Wednesday, June 22, 2005

Sibelius vs. Finale (for A.G.)

A few months back, I wrote about my frustration with Finale, the music engraving software I'd been using. I wrote that I’d been considering Sibelius, a competing program that I’d heard nice things about.

After downloading the demo and fooling around for a bit, I recently decided to try the program. I bought the competitive upgrade from J&R for just under $150. At that price point, it wasn’t much of an investment when compared to the cost of Finale’s frequent pricey upgrades. I haven’t had much time to play around with Sibelius yet. So these are my initial impressions.

This is one smooth program!

Here are my thoughts as they relate to the specific issues I noted in that post.
Their GUI is terrible; it's not intuitive, and certain functions are either hidden, or are much more complicated to use than they ought to be.
I’m finding Sibelius’ GUI intuitive and easy to use. The numeric keypad navigation is easy to use, the one-key shortcuts are great, and it’s much simpler to do many of the things I need in fewer steps.
Many of their features simply don't work as advertised. One example, a number of years back, I upgraded to their new version, which promised the ability to scan directly into Finale. The function simply didn't work even on simple lead sheets that had originally been notated in Finale. I met the developer of that software --it was licensed from Smartscore -- and he told me flat out that it didn't work well.
I haven’t tried to use the scan any sheet music yet, but I have been able to open Finale files easily. Sibelius didn’t recognize some of the layout or text info in the file I opened, but it was quite easy to make those changes.
Their MIDI functionality is often sketchy and frequently doesn't work.
I’ve had no trouble so far with Sibelius’ MIDI functionality. Additionally, Kontakt Player Silver, the sample playback software included with Sibelius is far superior to Finale’s playback.
Hyperscribe often doesn't accurately play back edits made to existing notation.
“Flexi-time” input seems more accurate than Finale’s “Hyperscribe” and playback reflects edits made to existing notation.
New versions of Finale are not backwards compatible by design. This means that if I'm working on a project with someone else where we are sharing files, and one of us upgrades, the other has to upgrade as well in order to open files created on the newer version.
Sibelius 3 allows users to save files in Sibelius 2 format. This kind of backwards compatibility is useful if you’re working with someone else on a project and either of you upgrades. Once, I upgraded Finale while I was working on a collaborative project and the person I was working with was unable to open my files. I couldn’t even resave the new files in the earlier version of Finale I had.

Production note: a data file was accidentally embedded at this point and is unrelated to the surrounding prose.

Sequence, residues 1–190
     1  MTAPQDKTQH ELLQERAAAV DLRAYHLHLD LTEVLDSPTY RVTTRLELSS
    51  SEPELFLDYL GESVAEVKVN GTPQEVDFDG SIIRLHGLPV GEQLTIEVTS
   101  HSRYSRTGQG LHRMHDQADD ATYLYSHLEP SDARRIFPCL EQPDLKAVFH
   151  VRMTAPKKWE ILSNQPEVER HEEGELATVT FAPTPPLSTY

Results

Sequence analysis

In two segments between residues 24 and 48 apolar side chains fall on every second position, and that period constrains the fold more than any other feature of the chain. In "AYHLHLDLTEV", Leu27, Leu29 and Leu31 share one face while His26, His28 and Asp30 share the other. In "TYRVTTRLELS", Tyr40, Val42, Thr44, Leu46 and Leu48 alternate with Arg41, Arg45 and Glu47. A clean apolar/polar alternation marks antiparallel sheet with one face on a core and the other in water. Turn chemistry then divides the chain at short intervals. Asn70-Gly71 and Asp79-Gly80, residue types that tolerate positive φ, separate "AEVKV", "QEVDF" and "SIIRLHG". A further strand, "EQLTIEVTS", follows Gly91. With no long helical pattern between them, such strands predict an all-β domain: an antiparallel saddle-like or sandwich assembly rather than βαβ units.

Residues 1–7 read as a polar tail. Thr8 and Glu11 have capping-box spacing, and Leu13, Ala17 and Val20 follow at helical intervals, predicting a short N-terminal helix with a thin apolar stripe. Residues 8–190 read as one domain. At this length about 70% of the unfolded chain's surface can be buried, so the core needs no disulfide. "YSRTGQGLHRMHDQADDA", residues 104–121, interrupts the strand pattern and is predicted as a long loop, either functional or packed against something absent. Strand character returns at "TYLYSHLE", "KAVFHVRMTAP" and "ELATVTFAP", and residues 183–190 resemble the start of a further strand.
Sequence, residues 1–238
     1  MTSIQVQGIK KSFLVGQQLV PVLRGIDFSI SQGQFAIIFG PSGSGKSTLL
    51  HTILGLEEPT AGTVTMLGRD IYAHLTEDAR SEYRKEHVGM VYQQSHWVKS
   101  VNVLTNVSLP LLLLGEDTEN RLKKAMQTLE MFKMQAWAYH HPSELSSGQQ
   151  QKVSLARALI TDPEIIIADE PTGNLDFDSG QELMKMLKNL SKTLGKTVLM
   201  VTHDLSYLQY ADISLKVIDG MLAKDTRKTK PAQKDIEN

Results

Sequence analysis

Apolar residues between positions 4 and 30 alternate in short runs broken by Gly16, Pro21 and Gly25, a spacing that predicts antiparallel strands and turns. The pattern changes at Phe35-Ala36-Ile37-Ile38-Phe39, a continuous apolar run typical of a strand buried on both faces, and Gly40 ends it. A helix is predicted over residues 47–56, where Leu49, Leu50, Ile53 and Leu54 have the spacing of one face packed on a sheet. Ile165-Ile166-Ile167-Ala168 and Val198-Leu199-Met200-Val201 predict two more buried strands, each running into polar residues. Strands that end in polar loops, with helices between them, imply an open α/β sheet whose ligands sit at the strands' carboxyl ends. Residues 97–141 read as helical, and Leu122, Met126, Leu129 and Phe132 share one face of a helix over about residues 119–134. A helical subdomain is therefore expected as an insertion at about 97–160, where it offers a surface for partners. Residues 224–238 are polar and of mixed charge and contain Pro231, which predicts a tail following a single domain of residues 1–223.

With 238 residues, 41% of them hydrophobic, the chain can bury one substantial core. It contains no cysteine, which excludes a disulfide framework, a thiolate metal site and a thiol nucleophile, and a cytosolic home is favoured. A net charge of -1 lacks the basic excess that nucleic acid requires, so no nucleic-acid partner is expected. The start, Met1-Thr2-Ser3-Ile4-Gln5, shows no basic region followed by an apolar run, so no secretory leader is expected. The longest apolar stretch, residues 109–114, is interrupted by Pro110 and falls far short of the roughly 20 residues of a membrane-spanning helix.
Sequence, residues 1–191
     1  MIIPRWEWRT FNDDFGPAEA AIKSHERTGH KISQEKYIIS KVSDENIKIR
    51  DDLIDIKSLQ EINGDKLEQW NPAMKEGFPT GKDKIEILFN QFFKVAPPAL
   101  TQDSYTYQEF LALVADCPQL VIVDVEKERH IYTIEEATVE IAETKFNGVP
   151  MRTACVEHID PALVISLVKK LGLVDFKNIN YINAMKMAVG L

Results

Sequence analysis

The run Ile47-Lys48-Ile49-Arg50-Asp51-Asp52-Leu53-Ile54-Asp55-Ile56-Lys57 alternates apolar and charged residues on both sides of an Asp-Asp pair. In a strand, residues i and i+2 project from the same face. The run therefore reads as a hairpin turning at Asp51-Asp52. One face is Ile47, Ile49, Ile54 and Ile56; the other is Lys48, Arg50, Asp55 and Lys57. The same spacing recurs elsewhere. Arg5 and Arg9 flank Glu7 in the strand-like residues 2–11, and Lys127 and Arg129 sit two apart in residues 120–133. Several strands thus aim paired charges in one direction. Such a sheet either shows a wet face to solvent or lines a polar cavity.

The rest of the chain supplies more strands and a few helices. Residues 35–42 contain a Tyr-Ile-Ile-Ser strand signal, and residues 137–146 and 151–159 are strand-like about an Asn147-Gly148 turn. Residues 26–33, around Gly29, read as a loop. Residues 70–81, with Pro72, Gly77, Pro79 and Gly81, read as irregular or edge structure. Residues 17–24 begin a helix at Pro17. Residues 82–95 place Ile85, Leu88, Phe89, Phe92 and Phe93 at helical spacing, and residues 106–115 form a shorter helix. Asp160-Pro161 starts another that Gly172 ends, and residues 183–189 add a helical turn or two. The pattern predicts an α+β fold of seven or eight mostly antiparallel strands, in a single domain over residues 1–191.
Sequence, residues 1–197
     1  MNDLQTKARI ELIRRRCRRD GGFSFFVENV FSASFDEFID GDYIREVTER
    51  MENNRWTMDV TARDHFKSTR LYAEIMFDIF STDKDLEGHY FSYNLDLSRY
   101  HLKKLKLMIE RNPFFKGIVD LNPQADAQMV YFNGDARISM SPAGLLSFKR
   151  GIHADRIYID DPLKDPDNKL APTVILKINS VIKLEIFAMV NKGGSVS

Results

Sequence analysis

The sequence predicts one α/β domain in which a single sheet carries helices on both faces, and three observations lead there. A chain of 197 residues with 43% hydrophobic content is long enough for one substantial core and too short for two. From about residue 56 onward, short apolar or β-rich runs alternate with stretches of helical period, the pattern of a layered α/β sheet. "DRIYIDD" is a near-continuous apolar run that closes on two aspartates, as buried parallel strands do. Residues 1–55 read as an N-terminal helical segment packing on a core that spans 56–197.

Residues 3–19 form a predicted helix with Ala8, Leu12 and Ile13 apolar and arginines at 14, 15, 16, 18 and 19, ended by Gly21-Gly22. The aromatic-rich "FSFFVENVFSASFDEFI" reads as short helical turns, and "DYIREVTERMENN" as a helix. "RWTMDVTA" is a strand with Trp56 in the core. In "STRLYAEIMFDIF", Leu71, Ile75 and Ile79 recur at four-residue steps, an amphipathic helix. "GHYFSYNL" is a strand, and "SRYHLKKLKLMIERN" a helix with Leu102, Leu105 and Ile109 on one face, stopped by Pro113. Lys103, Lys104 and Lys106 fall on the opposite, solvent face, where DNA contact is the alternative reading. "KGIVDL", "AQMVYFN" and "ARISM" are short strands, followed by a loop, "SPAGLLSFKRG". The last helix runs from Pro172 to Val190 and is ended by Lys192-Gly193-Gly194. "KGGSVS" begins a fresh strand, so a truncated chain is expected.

Here are some of the random things I’ve noticed:

1) The manual is well written and is easy to understand. The writer injects humor throughout which is a nice touch. It is well-organized and I’ve had no trouble locating information.

I find it harder to find things in Finale’s manual, and it’s not written as clearly. Also, Finale has stopped including manuals with their upgrades, which is a huge nuisance, especially when they add new features/functions that didn’t exist in previous versions.

2) The GUI is set up so that, unlike Finale, you don’t have to keep switching tools to do different actions.

3) The global edit feature seems much easier to use. (i.e. enlarging all chord symbols.) Ditto the setting up/importing house styles.

4) It’s much easier to adjust 1st and 2nd endings

5) The screen redraws accurately and quickly throughout. Finale’s response is sluggish.

6) I don’t get “out of margin” messages when I print. (This may just be a Finale glitch with my printer driver.)

7) Inserting dashed barlines is much easier.

8) Rulers move with you --adjusting in real time -- making it much easier to adjust page layouts.

9) Creating instructionsand symbols like D.S. is much easier.

10) The defaults for many items are musically intuitive. For instance, in Finale, the default setting for rehearsal markings is in the middle of the bar. Since rehearsal markings are not supposed to be on the staff, having them appear there is silly. Sibelius places them above the bar in a logical place. (You can edit these preferences in Finale, but it shouldn’t be necessary.)

11) I’ve been able to duplicate my Finale layouts/fonts easily in Sibelius. In fact, I think the Sibelius versions look slightly sharper. Sibelius’ Inkpen font seems to be a bit crisper than Finale’s Jazz font.

12) Chord symbols stay even if you delete the note they’re attached to.

13) The opening window let’s you easily choose a recent file via a drop down menu.

14) Sibelius recognizes repeat signs during playback of a score and plays them. There’s a way to make Finale do this too, but it’s a hassle.

15) I’m not missing the annoying save prompt Finale always opens when I open a file to view it prior to printing it and haven’t made any changes.

I’ll try to post an update when I’ve had a chance to spend some more time with Sibelius.